The NY Times today brings up an interesting discussion on whether we are suffering from app burnout. Granted that’s painting with a pretty broad brush, but I’d venture that many share something in common with the author who has 259 apps installed, 16 of which she uses on a regular basis. Is your iPhone a veritable wasteland of unused apps? Have you taken steps to delete apps from your iPhone or even go so far as to also delete them from iTunes?

App burn out

There are currently over 775,000 applications on the App Store, with a good number of free apps. People are downloading apps at a frantic pace, but how much of the app experiences has become disposable. Download, open and then file away in a folder never to be heard from again. Less than half the people who download an app use it more than once, says Guy Rosen, chief executive at Onavo. His company measures people measure data usage.

Speaking from my personal experience, my iPhone and iPad have in the past become a veritable app wasteland. I’m not sure if burnout is the correct word, as I still find there are a good number of new apps that manage to slip into my daily usage. App clutter is more like it. Let’s face it, that’s how you can judge success of an app within your digital ecosystem. Are you using it daily or at a minimum of once a week?

During the holiday, I went through a digital detox of sorts. No, I wasn’t going to do anything crazy like give up smart phones, tablets or computers. I took time to scale back my apps. The easiest method was to restore my iPhone to its factory state and then install my core apps, which I define as those which adorn my home screen without any of the stock apps.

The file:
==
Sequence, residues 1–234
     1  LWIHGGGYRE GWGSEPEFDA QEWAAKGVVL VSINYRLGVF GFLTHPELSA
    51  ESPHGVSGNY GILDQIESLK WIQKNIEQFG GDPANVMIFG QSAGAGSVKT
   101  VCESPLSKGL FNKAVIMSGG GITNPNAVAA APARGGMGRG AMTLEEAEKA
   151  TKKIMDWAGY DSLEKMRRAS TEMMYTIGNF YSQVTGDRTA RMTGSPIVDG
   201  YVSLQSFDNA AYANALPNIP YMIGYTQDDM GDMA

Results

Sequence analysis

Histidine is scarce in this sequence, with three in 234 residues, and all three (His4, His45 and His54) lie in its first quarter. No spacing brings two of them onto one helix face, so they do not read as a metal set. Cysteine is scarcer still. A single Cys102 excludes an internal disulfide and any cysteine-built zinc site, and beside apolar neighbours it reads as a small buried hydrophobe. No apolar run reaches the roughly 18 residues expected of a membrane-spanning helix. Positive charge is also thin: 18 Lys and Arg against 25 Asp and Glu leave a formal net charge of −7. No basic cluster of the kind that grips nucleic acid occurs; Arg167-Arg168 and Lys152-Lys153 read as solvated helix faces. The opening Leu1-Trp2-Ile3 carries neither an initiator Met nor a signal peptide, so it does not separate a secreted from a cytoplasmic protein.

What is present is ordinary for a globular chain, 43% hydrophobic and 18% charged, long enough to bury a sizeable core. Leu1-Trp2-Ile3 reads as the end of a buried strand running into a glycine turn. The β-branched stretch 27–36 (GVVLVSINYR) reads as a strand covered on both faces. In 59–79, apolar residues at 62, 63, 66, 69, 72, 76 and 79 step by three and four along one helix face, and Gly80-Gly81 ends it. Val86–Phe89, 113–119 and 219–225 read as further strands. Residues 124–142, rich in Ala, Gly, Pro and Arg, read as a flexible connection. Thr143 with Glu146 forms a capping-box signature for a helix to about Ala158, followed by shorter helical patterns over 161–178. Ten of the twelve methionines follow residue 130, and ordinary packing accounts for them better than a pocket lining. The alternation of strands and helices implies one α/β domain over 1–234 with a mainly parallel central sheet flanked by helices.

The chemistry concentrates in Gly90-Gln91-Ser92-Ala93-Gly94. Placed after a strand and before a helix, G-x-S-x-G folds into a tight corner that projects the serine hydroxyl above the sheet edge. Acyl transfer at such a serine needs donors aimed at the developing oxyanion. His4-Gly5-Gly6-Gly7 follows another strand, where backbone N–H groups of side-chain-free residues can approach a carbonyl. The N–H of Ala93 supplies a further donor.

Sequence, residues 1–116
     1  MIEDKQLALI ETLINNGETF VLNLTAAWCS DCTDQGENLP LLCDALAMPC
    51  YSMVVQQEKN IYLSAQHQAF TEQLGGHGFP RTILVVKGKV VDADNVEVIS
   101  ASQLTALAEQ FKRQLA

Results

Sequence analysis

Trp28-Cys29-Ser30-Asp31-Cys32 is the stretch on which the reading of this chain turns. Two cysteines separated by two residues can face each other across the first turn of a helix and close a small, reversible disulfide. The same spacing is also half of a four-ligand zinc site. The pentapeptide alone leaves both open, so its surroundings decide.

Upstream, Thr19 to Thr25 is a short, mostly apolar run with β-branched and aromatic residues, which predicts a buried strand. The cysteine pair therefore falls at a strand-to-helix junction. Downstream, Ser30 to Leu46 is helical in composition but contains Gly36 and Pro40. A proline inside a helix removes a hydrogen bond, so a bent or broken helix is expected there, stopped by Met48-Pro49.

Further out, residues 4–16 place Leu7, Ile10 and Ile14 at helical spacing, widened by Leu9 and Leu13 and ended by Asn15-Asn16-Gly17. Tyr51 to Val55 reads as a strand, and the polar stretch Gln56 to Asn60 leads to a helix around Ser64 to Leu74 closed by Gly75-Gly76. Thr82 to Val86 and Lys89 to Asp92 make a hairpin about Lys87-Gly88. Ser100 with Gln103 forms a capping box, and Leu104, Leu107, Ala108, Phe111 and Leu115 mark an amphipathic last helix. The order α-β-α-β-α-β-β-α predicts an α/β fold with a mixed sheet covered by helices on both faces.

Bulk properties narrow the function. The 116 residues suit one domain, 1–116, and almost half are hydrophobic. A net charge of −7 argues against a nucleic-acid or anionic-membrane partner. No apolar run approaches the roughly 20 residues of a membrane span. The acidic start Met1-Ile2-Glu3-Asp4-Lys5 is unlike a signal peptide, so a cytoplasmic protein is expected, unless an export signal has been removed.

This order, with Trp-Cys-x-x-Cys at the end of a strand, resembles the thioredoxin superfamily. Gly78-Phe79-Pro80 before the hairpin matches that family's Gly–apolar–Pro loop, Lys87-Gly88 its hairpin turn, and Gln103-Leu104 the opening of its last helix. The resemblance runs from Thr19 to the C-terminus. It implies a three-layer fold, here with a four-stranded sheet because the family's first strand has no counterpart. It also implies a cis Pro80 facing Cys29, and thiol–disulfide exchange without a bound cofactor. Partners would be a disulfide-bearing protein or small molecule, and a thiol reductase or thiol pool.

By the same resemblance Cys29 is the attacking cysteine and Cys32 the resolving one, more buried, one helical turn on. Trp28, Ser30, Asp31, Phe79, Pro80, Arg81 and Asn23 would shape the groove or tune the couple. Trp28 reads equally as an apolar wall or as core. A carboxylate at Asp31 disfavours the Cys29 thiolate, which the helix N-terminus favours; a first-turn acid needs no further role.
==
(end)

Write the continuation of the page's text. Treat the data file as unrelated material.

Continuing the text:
I filled up a second page in no time, also with apps that I used on a daily basis. There were certain hard and fast rules, such as no apps which duplicate the functionality of another installed app. The only exceptions made were for Google Maps, although I’m warming up to Maps given it’s thorough integration throughout iOS. No Social folder filled with 10 Twitter clients. I realized that I don’t get any benefit from being a librarian for unused apps.

I forgot a number of frequently used apps during this process. When I did, they were just an install button away from reclaiming their position on my iPhone. eBay, Flixter, Amazon among others were all welcomed back with open arms.

There is no be all, end all system for managing apps on one’s iPhone. For many, having all of their apps installed works best for them. I used to be that very same person, but with music, until I realized there is no good reason to be carrying a library that contained a live Vanilla Ice album. App burnout isn’t having 259 apps installed on your iPhone, it’s being able to properly manage and get the most from your apps. Lean and mean or all in. Both work, but as users we have to rule the roost.

Source: NY Times